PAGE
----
Based in the EU? Please order via our Etsy by clicking this banner 💖

Trans+ History Week: 5 Transgender Identities from History That Show Trans People Have Always Existed

5 Trans Identities From History That Show Trans People Have Always Existed - Trans+ History Week 2024

May 6th 2024 marks the start of the first ever Trans+ History Week. It is also the 91st anniversary of the Nazi raid on the world’s first-ever transgender clinic.

These two events don’t exist in a vacuum to each other; in fact, Trans+ History Week was created to coincide with this horrendous marker in LGBTQIA+ history. It’s the week that trans+ identities were brutally erased, and it’s now the week these identities will be remembered.

The harmful narrative that being trans is an entirely new concept and “people were never like this before” continues to be used by many to delegitimise the existence of trans communities. This only makes Trans+ History Week grow ever more important.

As such, using this week to spotlight the millennia-old history of transgender, non-binary, gender-diverse and Intersex people is essential to showing the world that trans+ people aren’t new. They have always been here - and they aren’t going anytime soon.

So, to celebrate Trans+ History Week 2024, we’ve picked out 5 incredible trans+ identities throughout history, spanning from 3,000 - 5,000 BCE, all the way to the modern day.

The Hijra Community

"Hijra" is a unique social and cultural group in South Asia that’s often identified as a third gender - and totally separate from the traditional male and female gender categories.

Hijras hold a special place in the cultural and social landscape of the region - particularly in India, Pakistan and Bangladesh - and have a rich history dating back to at least the 13th century. Hijras are also mentioned in various religious and historical texts and have traditionally played important roles in royal courts and participating in ceremonies!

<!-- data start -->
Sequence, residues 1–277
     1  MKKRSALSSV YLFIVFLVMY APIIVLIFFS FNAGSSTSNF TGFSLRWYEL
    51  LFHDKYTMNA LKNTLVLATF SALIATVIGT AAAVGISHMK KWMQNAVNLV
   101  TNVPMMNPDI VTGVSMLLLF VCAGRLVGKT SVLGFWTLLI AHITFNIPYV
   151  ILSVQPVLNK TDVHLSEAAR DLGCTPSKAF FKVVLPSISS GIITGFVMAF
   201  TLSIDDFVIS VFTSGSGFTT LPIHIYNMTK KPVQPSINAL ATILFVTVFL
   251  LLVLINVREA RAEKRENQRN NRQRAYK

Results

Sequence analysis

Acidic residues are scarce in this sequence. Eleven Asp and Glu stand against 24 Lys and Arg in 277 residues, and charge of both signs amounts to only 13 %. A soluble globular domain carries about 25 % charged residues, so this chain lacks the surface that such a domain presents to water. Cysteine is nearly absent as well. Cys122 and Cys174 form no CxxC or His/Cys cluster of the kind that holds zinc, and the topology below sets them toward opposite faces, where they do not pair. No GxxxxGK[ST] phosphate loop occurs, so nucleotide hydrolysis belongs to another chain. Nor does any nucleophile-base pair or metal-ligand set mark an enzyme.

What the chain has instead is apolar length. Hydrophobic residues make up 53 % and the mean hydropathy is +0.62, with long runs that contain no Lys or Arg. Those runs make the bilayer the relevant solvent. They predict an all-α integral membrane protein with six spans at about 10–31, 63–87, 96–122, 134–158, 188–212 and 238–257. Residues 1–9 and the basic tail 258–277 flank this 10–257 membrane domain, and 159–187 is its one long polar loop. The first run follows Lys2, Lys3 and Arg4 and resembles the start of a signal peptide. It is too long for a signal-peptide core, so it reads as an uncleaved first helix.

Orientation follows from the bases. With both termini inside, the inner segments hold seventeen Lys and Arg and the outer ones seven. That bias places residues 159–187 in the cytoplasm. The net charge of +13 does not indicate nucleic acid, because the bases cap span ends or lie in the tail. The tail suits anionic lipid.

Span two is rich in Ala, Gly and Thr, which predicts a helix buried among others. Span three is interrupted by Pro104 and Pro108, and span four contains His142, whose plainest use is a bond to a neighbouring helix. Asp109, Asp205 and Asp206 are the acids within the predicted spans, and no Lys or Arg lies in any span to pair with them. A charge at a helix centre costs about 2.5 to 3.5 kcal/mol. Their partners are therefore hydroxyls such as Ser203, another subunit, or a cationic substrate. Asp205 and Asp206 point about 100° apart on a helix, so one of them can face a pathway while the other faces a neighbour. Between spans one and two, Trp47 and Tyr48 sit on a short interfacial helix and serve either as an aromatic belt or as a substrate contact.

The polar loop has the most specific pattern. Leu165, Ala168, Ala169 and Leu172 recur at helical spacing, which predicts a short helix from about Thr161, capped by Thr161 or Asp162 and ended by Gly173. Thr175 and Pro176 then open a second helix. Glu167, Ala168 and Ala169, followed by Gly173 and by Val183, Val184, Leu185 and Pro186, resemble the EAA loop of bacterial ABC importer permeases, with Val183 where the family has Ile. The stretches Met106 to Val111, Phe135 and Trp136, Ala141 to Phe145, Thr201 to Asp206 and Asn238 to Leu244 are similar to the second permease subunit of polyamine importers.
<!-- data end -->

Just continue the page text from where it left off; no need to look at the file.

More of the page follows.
However, despite their longstanding history and existence, Hijras have been marginalised and discriminated against. The dominant religion worsens this in the area where they reside and work. For example, Muslim Hijras in Hindu communities aren’t allowed to practice their religion.

Further reading: Governing Gender and Sexuality in Colonial India: The Hijra, c.1850–1900 by Jessica Hinchy

Karl Kohnheim

Karl Kohnheim was the first receiver of a German Transvestitenschein (literally “transvestites pass”). This document allowed him to legally dress in clothing that affirmed his real identity as a trans man.

It took 15 years of legal battles for Karl to be recognised as a man and obtain his pass. After 8 years, he finally received permission to dress according to his true male identity, but he was never able to change his name legally.

Karl lived during the era of the German Weimar Republic, shortly before the Nazis came into power. This period of time had a relatively more permissive atmosphere for the queer community compared to earlier eras. However, when the Nazi regime took control of the country, any advancements were immediately reversed and the LGBTQ+ population was quickly persecuted and severely suppressed once more.

Further watching: Eldorado: Everything the Nazis Hate 

Marsha P Johnson smiling vibrantly at the camera, she wears a flower crown atop her head.

Marsha P. Johnson

Marsha P. Johnson was a key figure in The Stonewall Riots on 28 June 1969 when the police raided the Stonewall Inn, a gay club in New York City.

This raid caused a riot among the club's customers and local residents, leading to six days of protests and violent clashes with the police. The events at Stonewall became a significant moment for the gay rights movement globally.

While she may (or may not!) have thrown the first brick that night, Martha played a crucial role in organising and uniting the community on Christopher Street, leading to the Pride movement. Along with Sylvia Rivera, Johnson co-founded the Street Transvestite Action Revolutionaries (STAR) to create safe spaces for homeless LGBTQ+ youths.

Further watching: The Death & Life of Marsha P Johnson


Many might be familiar with musician, DJ and producer SOPHIE - particularly for her ground breaking work in electronic and pop music.